A friend [Stevie!] sent me this article from the Chicago Tribune. As it’s a subscriber site, here it is in its entirety. Looks like the Chicago foodie scene is really getting on board with local, which is great. But did you know USDA is certifying organic restaurants? I zoomed around a bit on the net but didn't find much more info, not yet anyway. If you've heard anything more about this, I'd love to hear it.
When restaurants go green
Variations in terms can feed confusion
By Trine Tsouderos
Tribune staff reporter
April 19, 2007
Sometimes it feels like you need a degree in environmental science to figure out what to eat.
Local? Organic? Certified organic? Fair trade? Direct trade? Clean? Natural? Sustainable?
What does it all mean?
We feel your pain, dear diner. It's confusing. And this enigma is no longer confined to your local Jewel or Whole Foods. These labels are popping up on restaurant menus throughout Chicago too.
"This is a movement that is exploding," said Jim Slama, president of Sustain, a locally based non-profit that, among other things, helps match local farmers with restaurants. "There has been a seismic shift culturally."
By the end of this year, Chicago will have two U.S. Department of Agriculture-certified organic eateries -- the Bleeding Heart Bakery and Crust. We've got restaurants, like Terragusto, that emphasize local ingredients, and others, like Leona's, that promise organics. Leona's also brags that your food will be free of "genetically modified organisms."
And then there are restaurants, like Big Bowl, that proudly proclaim dishes made from ingredients that are "naturally raised." Run into Starbucks and you may see coffee labeled "fair trade," while Intelligentsia serves up steaming cups of "direct trade" brew.
Over the next months, At Play will publish stories on responsible dining, defining terms that are showing up on menus and offering insight into claims by opponents and proponents.
We hope to help you make decisions about how to "eat clean," as Crust co-owner Michael Altenberg puts it.
"I am sure it can be confusing for consumers," said Barbara Hausmann, spokeswoman for the Organic Trade Association, a Greenfield, Mass.-based business association. "Different labels mean different things. What is 'natural'? Well, it depends on who is claiming what. Natural can still be made from conventionally made products."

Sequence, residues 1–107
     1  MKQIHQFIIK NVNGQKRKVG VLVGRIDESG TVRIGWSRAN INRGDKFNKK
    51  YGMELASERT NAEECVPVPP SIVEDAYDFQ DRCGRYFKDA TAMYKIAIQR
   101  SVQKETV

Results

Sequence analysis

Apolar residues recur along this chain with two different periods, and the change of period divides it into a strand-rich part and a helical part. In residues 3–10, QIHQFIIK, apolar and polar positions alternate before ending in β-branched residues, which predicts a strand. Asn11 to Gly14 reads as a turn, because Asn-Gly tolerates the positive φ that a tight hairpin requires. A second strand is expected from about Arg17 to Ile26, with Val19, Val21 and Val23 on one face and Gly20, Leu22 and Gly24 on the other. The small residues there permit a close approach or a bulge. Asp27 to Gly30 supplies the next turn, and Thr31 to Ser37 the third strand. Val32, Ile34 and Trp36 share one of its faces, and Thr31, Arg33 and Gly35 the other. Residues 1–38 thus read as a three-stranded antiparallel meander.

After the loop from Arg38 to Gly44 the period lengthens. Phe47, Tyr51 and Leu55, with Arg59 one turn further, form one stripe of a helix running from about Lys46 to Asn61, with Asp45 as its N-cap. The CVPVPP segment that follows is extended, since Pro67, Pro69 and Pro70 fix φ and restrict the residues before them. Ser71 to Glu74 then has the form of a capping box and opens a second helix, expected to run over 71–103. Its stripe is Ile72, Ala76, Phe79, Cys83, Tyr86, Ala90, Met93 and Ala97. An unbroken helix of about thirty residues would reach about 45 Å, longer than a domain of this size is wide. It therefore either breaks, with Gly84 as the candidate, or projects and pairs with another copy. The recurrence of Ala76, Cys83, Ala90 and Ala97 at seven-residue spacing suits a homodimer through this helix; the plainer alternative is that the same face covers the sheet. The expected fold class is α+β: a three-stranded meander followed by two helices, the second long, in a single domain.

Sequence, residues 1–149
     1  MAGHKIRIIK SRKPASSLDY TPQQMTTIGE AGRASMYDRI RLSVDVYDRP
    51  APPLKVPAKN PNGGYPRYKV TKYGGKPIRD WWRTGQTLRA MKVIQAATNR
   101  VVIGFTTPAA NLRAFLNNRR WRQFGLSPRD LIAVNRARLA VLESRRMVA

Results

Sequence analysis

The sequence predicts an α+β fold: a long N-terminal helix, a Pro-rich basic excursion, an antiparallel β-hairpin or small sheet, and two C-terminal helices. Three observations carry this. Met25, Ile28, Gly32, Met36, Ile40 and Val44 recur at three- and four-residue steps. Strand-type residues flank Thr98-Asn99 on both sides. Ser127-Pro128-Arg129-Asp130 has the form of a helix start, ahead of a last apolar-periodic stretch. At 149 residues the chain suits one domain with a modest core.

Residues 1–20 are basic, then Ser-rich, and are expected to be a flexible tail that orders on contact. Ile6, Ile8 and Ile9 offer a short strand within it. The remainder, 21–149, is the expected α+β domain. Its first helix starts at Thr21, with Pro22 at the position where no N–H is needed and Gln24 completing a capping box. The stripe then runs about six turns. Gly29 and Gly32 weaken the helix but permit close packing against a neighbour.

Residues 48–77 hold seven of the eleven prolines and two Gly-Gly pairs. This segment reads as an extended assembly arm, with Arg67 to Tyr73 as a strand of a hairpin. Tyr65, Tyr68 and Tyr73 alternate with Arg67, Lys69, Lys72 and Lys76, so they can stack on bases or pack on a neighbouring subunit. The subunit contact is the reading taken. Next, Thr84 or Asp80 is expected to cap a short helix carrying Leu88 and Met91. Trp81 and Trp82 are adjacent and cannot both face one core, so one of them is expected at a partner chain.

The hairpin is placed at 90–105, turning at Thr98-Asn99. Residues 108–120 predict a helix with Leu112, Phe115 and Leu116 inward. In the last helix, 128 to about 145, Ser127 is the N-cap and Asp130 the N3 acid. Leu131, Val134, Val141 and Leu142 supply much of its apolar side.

The more you know, the more difficult the decision seems to become. Take, for example, organic and local.
Then: USDA-certified organic meant good for you, good for the Earth. Now: Some people are saying certified organic might not be as good as non-certified organic, local food.
"If you buy certified organic strawberries grown in California out of season, they have to be trucked here over 3,000 miles," said Theo Gilbert, co-owner of Terragusto. Using all that fuel to deliver the berries is as bad for the planet as spraying your crops with pesticides, he said.
Gilbert said diners often ask what on the menu is organic. At that point, his servers have to explain that local doesn't mean certified organic, but that at his restaurant, local means that Gilbert hand-picked the farmer and trusts the way he or she has grown his food. Servers "have to do it very simply and quickly and nonchalantly," he said. "It is hard to do."
Organic, he said, is not the key to solving our health and environmental problems. "Local really is the key."
Three miles south of Terragusto is Crust, which, when it opens in May, will be one of just a handful of USDA-certified organic restaurants in the nation.
Altenberg, the restaurant's co-owner, said getting that certification, which guarantees 95 percent of ingredients are certified organic, was worth the extra time, money and effort because he thinks it will pay off and believes organic just plain tastes better. "It is worth it," he said. "We are really doing something special."
For Altenberg and Michelle Garcia, owner of the Bleeding Heart Bakery, that means getting affidavits guaranteeing non-organic produce did not mingle with certified organic stuff in delivery en route to the restaurants. And allowing inspectors to check receipts against deliveries to ensure that the restaurant or bakery didn't buy a few pounds of organic flour and 50 pounds of conventional flour and still label the products "organic" on the menu.
That happens, he said. "A lot of people are putting things down on the menu and unless you are truly certified, nobody ever checks that."
This dilemma is a by-product of a happy blooming of dining options for people who want to eat responsibly.
"Consumers want this," Hausmann said. "They want to feel connected to their food."
Even if that means, with perusing a menu, the generation of a local, organic, hopefully not-sustainable headache. A headache that can be eased, perhaps, by a plate of delicious, healthy, guilt-free food.